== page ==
We’re starting to see more streetwear brands in Japan take to the runway. What do you think of this and what does it represent? How does a brand change when they begin showing on a runway?

From a purely opinion-based standpoint, one of the greatest differences between a streetwear brand and a collection brand is the existence of runway showings. As streetwear brands take their collections to the runway, it seems to narrow the gap and blur the lines of fashion. I’m not sure exactly what can change when one makes the leap to the runway as I find it quite unpredictable.

What’s the Japanese market’s perception of working with brand name materials such as WINDSTOPPER®. Does the average Japanese consumer look for these characteristics when considering their purchases? 

It’s been about eight years since we started to work together with GORE-TEX®. GORE-TEX® and WINDSTOPPER® are fabrics and finishes that have been greatly recognized by NEXUSVII® consumers. GORE-TEX has been on a path of reducing the number of collaborators to ensure they can maintain their quality which makes us an increasingly special case for brands wanting to work with performance breathable materials. Despite the higher pricepoints of GORE-TEX products, they’re still highly sought after due to their dependability.

Has a weaker Japanese market prevented NEXUSVII® from creating pieces that often have more expensive prices? 

I wouldn’t create a product based on current economic conditions as it might sacrifice the quality we aim to achieve. As some readers may have seen, we’ve recently re-launched our MADMAXX collection for the 2010 autumn/winter season. Our first priority with NEXUSVII is to create products we can truly be proud of.
Could you tell us a little bit more about your MADMAXX collection? Was this range something that used to exist in the past? What can we expect from the collection?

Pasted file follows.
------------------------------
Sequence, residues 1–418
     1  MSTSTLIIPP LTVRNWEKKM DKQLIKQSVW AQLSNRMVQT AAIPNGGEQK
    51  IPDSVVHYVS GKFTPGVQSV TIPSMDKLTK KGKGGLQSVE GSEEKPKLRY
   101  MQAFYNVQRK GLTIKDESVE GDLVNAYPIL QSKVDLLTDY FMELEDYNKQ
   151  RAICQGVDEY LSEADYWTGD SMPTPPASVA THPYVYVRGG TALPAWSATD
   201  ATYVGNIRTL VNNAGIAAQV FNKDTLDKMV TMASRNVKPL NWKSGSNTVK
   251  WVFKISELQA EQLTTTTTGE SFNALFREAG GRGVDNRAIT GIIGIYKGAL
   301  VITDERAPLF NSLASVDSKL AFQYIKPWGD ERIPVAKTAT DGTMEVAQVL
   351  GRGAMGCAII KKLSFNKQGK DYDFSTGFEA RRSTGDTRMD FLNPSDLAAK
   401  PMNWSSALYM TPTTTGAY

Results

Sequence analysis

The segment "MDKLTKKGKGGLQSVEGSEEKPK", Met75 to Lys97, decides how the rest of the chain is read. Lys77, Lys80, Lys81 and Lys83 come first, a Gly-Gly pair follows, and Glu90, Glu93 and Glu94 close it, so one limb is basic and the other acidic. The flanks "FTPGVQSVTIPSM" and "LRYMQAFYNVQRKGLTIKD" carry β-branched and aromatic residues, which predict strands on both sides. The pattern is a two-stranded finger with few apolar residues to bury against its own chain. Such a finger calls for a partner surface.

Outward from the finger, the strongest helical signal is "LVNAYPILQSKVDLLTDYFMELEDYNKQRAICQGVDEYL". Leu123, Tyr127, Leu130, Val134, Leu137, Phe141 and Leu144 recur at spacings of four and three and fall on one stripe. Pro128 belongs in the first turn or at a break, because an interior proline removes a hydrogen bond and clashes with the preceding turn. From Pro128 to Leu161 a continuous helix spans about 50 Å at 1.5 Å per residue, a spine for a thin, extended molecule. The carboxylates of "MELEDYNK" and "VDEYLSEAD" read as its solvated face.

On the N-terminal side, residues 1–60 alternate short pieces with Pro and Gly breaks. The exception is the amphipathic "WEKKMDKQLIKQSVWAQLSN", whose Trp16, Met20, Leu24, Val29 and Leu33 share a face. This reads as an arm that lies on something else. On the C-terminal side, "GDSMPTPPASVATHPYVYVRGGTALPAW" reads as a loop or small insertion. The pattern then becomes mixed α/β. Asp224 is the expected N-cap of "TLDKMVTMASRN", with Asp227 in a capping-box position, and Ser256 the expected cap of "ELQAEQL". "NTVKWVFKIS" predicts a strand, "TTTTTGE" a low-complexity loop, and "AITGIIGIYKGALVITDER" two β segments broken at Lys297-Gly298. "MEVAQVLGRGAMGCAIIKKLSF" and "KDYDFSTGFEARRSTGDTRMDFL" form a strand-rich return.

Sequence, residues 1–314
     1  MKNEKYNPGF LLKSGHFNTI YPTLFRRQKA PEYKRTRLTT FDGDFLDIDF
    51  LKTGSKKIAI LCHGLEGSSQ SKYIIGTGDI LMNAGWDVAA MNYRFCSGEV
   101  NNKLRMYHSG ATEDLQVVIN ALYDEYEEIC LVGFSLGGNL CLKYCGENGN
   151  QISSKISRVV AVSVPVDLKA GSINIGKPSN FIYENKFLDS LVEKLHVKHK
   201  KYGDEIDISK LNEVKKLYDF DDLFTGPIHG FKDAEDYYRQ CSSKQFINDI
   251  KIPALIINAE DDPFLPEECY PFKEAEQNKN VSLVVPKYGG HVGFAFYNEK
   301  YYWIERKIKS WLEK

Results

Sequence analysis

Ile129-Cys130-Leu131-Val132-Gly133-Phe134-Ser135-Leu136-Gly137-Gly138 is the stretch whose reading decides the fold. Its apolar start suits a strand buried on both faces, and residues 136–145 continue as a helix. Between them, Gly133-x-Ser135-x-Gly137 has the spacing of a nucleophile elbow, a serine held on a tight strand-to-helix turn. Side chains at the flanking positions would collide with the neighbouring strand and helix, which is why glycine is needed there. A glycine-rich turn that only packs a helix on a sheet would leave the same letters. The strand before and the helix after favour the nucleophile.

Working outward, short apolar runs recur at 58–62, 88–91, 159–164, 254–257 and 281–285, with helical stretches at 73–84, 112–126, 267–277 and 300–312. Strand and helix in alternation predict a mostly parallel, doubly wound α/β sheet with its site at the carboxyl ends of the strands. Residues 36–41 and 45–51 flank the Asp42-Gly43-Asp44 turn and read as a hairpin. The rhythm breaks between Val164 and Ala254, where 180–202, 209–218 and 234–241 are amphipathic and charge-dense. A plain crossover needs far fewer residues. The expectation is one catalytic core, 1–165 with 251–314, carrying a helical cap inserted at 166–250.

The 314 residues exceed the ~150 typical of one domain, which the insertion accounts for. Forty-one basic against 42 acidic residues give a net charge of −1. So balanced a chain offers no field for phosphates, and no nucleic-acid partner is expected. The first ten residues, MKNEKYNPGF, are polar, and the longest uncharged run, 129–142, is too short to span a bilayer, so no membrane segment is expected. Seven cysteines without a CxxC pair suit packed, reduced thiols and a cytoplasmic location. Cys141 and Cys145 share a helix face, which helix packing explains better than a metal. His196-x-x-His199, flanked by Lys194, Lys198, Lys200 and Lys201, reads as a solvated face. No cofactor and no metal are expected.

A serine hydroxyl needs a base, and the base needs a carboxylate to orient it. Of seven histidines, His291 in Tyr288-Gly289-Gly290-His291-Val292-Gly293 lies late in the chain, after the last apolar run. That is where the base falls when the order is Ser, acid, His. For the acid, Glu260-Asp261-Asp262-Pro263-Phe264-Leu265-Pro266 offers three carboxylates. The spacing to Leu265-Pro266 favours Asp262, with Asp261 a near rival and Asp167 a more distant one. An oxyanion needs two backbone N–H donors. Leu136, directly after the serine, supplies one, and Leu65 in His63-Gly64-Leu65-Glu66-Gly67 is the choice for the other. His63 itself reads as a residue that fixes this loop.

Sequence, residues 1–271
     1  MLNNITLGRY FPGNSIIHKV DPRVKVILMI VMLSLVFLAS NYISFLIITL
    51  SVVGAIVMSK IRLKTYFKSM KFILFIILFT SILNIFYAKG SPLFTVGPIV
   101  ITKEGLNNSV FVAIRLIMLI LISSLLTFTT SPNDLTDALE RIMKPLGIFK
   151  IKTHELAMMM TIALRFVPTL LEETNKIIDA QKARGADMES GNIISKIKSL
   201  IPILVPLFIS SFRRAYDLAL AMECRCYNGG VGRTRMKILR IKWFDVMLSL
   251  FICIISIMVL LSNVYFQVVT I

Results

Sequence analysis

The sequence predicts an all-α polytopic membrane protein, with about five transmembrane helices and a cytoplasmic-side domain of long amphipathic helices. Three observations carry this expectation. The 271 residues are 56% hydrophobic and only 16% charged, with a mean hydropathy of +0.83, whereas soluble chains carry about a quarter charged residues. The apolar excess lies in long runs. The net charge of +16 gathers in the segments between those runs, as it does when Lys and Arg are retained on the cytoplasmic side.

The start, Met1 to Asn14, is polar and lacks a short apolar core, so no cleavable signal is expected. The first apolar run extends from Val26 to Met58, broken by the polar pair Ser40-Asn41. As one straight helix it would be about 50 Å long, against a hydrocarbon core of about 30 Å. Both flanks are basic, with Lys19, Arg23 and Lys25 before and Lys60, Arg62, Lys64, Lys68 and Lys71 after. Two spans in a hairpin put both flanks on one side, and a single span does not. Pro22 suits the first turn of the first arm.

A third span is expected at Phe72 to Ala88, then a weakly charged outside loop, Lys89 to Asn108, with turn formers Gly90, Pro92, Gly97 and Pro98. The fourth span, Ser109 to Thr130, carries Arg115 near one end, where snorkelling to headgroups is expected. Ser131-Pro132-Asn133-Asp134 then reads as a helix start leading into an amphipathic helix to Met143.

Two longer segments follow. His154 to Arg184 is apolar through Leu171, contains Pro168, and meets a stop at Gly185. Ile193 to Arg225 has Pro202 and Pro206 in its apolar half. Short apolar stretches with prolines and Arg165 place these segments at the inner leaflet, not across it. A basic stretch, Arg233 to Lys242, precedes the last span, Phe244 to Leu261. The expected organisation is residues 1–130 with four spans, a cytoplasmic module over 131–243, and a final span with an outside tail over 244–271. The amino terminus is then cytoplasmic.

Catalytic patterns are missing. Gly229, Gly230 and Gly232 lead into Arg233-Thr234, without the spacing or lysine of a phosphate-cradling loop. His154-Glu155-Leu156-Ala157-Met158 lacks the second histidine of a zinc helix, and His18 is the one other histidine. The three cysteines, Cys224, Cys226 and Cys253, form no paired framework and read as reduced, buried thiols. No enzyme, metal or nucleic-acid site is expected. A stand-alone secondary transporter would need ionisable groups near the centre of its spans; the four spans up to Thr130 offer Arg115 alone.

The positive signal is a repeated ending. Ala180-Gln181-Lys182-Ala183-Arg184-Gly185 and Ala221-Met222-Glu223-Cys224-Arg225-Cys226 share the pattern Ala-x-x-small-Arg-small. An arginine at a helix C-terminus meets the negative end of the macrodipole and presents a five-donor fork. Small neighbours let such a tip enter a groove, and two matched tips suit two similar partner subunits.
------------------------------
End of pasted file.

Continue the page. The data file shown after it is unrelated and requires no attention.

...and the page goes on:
The MADMAXX range was originally our exclusive sub-line which involved combining vintage fabric with some collaborative products such as GORE-TEX®. However, we had to put the collection on hiatus for a few years due to the difficulty in sourcing vintage materials. We’ve been fortunate to have some people help us get a hold of what we were looking including vintage bandanas and scarves from Hermes and Chanel among other brands.

What are you looking forward to most in 2010? As I understand we can expect some new international accounts?

I’m very excited about our latest 2010 autumn/winter collection. We’ve spent tremendous efforts focusing on the quality, the pattern-making, and selecting the proper manufacturers. I’ve been really proud on the outcome of our cut & sew garments as well as our Japanese-produced leather pieces. I’m feeling confident about representing our brand outside the borders of Japan and hope to begin expanding to the rest of the world.

Date: /Author: Staff
Category:  Editorial/Tags:  Hypebeast, Style, Interviews, Features, NEXUSVII, Tomohiro Konno
Next Story
x